There is a one-touch scan button on the unit as well, which can be configured to do any task. So if you almost always want to send documents to your phone or PC, you can set it up to do that when the button is pressed.

Perhaps the most impressive feature in terms of destination is the ability to scan directly to the cloud, a great idea that should help the scanner find a home in any government office. The ImageCenter comes ready to whisk your documents away to SkyDrive, Box, GoogleDrive, Evernote, Dropbox, Facebook, Picasa and Flickr. You can even pair these services with the scanner, just as with a PC, so that it can automatically send documents to the same spot in the cloud each time. And you can set up your own cloud-based destinations, a process that only takes a few minutes.

Most of the options are managed on a 3.7-inch LCD touchscreen, a surprising find on such a compact unit.

In terms of user experience, probably the coolest thing most people will find is using the Scan To PC function. You hit that icon on the screen, load your documents, and it scans through them quickly, up to 24-pages-per-minute, an impressive speed for such a tiny unit. Then they all get sent back to your desktop wirelessly, almost like magic.

The scanner itself is high quality, able to scan up to 600 dpi without slowing down. It also scans both sides of a document in a single pass. We tested it out with plastic ID cards, receipts, legal documents, business cards and notebook paper. You can even load lots of documents of varying sizes at the same time into the 50-page feeder, though this sometimes results in slightly crooked results which nonetheless can be fixed using software after the fact.

Everything we scanned came out as close to perfect as you can get. Even a schedule I scribbled down on Winnie-the-Pooh stationary came out so crisp that it was easily as good as the original. The only real negative we found was that because this is a top-feeding model, documents are limited to 8.5-inches wide, the width of a standard piece of office paper, though they can be up to 34 inches long.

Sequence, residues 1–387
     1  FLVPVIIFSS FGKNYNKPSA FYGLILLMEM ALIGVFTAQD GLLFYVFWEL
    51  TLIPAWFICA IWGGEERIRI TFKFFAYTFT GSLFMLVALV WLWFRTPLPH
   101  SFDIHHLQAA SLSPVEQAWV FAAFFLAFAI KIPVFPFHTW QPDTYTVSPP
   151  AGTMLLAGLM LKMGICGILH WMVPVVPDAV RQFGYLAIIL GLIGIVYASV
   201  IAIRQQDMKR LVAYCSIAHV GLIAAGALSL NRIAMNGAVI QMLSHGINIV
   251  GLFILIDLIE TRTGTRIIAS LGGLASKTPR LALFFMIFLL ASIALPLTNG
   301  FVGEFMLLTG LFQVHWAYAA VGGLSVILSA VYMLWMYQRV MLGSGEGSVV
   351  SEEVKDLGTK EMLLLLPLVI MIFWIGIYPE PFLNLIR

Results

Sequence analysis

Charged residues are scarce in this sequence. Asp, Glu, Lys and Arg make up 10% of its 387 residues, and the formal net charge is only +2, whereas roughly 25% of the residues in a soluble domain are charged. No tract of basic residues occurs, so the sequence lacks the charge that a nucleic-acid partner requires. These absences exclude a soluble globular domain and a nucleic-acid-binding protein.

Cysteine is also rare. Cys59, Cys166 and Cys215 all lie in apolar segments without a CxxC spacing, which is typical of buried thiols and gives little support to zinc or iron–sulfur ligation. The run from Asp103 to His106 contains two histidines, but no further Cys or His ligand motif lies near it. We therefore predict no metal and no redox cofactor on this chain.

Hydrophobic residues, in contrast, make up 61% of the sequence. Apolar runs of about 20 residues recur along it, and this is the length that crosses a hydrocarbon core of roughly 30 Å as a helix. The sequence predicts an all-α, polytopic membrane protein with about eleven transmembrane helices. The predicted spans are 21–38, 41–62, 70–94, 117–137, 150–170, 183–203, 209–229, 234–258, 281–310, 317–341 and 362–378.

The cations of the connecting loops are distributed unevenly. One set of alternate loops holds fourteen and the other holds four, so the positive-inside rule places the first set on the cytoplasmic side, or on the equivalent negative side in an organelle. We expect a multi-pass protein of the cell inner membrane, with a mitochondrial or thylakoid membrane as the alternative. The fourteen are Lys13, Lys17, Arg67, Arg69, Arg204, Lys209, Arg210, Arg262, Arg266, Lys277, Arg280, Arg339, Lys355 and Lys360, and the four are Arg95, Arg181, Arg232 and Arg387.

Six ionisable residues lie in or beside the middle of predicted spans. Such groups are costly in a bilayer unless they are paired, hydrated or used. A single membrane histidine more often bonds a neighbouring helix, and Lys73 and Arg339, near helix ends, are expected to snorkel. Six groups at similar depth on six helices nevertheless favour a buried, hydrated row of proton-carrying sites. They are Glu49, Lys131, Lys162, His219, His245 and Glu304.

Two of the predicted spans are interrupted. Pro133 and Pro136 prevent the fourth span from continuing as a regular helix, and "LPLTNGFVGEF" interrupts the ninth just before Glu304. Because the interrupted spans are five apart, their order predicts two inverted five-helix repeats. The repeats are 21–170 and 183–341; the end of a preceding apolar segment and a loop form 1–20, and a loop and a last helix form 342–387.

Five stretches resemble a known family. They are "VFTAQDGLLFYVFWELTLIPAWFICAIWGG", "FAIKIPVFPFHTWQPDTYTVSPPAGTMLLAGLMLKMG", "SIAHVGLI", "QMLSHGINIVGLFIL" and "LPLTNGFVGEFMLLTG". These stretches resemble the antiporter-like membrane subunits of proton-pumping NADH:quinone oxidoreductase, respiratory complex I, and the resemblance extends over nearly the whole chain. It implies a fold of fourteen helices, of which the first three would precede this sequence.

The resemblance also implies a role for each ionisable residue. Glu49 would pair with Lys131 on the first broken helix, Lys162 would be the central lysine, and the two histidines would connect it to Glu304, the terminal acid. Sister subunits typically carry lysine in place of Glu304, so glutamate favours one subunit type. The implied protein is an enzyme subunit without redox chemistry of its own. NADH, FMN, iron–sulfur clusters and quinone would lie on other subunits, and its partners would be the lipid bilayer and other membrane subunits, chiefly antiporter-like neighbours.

The control center software that comes with the ImageCenter is powerful and easy to use. You can drive any of the scanner's functions from your desktop. The scanner also comes with a suite of third-party software including Nuance PDF Converter Professional 7, Nuance Paper Port 12 SE for Windows, Presto! Page Manager 9 for Mac, and Presto BizCard 6 for Windows and Mac. With that software, you can scan documents into the ImageCenter and turn them into editable files using text recognition, yet another powerful tool the scanner offers. Given the high quality of the scans, it was little surprise that the text recognition was 100 percent accurate in all of our extensive testing.

The ImageCenter ADS-2500W retails for $799, a price we initially thought was a bit high for a personal scanner. But once we saw not only the quality of the scans but also the versatility of the unit, able to send documents wirelessly to everything from a smart phone to a desktop to the cloud, we came to see the ImageCenter as good value.

About the Author

John Breeden II is a freelance technology writer for GCN.